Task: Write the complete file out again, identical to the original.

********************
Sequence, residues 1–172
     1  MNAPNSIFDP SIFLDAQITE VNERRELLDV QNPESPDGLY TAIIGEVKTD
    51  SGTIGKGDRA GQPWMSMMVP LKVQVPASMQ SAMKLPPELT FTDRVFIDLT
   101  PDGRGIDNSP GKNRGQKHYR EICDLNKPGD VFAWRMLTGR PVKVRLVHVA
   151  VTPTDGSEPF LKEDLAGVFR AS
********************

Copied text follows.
Sequence, residues 1–172
     1  MNAPNSIFDP SIFLDAQITE VNERRELLDV QNPESPDGLY TAIIGEVKTD
    51  SGTIGKGDRA GQPWMSMMVP LKVQVPASMQ SAMKLPPELT FTDRVFIDLT
   101  PDGRGIDNSP GKNRGQKHYR EICDLNKPGD VFAWRMLTGR PVKVRLVHVA
   151  VTPTDGSEPF LKEDLAGVFR AS